Tuesday, May 12, 2009


In the days leading up to the historic hunger strike at Tiananmen in 1989, a profusion of hand-brushed and painted messages were pasted on the walls of activist campuses such as Beida and Shida, creating an aura of free speech on campus and in some cases demanding the same for society as a whole. The traditional and decidedly low-tech, but often artful and inspiring work of ink on paper was an important element in the rudimentary, homespun media that students used to voice grievances, counter official propaganda and to rally their peers.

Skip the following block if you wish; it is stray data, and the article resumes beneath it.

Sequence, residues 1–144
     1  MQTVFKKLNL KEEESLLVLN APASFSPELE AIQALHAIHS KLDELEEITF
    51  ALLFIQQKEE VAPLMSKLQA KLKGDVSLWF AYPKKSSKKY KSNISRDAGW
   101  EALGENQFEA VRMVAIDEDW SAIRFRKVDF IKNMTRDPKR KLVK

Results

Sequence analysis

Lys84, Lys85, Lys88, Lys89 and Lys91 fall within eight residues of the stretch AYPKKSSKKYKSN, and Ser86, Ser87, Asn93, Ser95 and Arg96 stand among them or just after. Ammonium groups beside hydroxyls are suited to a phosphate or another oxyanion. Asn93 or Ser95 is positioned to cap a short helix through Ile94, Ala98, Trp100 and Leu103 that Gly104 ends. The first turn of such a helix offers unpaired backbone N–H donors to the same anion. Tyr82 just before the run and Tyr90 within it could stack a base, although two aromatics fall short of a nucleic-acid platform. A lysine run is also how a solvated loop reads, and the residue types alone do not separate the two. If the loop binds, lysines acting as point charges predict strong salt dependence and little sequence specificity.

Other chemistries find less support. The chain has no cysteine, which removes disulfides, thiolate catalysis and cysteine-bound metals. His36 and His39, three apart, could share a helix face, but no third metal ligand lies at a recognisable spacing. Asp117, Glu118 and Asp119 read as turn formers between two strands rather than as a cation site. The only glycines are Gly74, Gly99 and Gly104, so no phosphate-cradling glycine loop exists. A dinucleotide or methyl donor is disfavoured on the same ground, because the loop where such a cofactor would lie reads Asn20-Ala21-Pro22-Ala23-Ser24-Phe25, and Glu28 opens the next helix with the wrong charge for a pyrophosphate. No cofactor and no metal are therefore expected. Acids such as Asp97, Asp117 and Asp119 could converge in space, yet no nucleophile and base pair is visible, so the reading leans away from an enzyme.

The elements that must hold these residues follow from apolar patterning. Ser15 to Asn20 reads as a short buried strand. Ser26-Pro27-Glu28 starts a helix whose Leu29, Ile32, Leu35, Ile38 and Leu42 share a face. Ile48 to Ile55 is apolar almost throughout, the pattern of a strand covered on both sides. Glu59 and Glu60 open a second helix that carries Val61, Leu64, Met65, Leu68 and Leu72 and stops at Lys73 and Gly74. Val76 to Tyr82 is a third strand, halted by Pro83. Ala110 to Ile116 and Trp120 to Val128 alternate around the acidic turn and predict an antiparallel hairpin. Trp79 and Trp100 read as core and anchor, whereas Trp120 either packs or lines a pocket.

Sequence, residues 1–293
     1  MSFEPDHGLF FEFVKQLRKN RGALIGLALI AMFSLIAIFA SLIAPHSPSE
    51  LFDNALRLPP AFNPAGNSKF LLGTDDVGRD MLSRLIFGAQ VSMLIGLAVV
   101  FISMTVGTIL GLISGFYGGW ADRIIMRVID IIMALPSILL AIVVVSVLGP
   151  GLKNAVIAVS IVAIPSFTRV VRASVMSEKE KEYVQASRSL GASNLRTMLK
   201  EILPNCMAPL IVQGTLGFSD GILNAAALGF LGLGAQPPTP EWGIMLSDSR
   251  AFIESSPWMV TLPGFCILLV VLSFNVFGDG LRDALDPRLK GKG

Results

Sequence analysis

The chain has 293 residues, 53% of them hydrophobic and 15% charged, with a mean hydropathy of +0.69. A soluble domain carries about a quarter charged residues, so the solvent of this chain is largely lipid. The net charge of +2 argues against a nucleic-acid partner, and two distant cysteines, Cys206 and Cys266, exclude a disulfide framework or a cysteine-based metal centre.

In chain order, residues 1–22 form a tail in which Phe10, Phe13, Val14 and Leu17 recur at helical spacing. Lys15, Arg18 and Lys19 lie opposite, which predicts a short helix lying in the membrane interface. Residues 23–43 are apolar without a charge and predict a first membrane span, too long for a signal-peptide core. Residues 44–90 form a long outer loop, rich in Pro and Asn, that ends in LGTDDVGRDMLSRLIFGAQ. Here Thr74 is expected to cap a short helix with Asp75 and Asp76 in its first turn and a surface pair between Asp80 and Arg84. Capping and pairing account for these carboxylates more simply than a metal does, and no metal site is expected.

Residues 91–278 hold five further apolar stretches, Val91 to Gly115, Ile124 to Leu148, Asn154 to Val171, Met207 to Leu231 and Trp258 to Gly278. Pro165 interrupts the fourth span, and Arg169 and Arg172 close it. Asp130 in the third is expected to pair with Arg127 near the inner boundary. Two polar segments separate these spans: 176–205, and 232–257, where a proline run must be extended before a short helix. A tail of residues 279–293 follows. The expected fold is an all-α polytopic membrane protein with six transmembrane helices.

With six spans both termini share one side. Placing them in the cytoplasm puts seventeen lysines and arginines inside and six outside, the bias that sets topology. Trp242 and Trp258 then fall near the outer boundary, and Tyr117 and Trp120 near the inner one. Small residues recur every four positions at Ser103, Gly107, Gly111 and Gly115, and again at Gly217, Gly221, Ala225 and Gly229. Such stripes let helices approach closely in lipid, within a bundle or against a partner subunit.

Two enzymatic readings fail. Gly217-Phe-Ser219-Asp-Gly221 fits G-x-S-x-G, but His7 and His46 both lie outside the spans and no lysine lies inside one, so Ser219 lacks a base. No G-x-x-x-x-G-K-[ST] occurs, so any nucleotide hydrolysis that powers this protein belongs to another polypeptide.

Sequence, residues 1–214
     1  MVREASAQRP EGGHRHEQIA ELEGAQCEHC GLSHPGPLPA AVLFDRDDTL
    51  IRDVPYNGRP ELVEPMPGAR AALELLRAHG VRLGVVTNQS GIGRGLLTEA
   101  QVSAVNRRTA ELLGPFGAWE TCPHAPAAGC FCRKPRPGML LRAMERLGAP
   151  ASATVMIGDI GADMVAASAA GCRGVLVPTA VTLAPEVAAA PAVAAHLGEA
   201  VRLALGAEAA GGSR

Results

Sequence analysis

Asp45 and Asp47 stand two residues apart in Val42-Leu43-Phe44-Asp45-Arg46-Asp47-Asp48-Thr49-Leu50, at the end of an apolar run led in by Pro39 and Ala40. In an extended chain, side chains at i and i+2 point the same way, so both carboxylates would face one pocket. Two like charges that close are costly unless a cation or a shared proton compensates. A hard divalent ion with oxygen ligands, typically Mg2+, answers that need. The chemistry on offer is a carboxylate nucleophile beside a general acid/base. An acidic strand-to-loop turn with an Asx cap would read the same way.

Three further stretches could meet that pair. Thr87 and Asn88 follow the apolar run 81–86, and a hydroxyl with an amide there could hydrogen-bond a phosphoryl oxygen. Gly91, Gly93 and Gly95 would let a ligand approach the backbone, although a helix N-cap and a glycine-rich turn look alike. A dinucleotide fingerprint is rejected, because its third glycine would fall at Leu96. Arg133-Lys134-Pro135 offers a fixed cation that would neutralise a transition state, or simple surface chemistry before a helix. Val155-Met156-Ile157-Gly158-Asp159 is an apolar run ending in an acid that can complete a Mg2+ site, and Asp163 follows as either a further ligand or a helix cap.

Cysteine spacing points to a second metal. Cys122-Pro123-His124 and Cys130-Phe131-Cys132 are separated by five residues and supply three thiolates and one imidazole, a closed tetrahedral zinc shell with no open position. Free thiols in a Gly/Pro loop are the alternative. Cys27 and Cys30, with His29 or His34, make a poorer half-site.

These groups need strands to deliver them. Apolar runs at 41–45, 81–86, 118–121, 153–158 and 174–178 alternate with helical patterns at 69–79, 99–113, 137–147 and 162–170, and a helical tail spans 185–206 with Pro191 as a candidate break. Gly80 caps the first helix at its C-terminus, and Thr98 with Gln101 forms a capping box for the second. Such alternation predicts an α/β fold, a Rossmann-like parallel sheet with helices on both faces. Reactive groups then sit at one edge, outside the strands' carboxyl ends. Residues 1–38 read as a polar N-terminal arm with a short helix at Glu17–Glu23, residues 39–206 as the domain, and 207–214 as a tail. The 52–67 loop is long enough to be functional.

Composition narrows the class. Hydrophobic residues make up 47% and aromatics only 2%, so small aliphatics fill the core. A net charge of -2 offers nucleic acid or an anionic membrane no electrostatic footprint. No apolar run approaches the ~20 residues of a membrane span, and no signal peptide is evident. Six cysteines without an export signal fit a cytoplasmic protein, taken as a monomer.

A popular theme in the early posters was the topic of official corruption, vividly illustrated in the ink drawing above. Reflecting the inspiration of the poignant early marches that briefly penetrated the Square, bold petitions at the Great Hall, and the coincidental but useful reinforcement of the calendar with its iconic May 4, 1919 imagery, Tiananmen Gate, the Great Hall of the People and Chang'an Boulevard took on powerful symbolic overtones in poetry and rhetoric of protesters even before the occupation of the Square began on May 13, 1989. And as the May 5 black ink on white paper poster spotted on a dorm wall at Shida suggests, florid talk of sacrifice and bloodshed, perhaps in part inspired by nationalistic lyrics and communist anthems, was embedded in student rhetoric from the earliest days of the movement.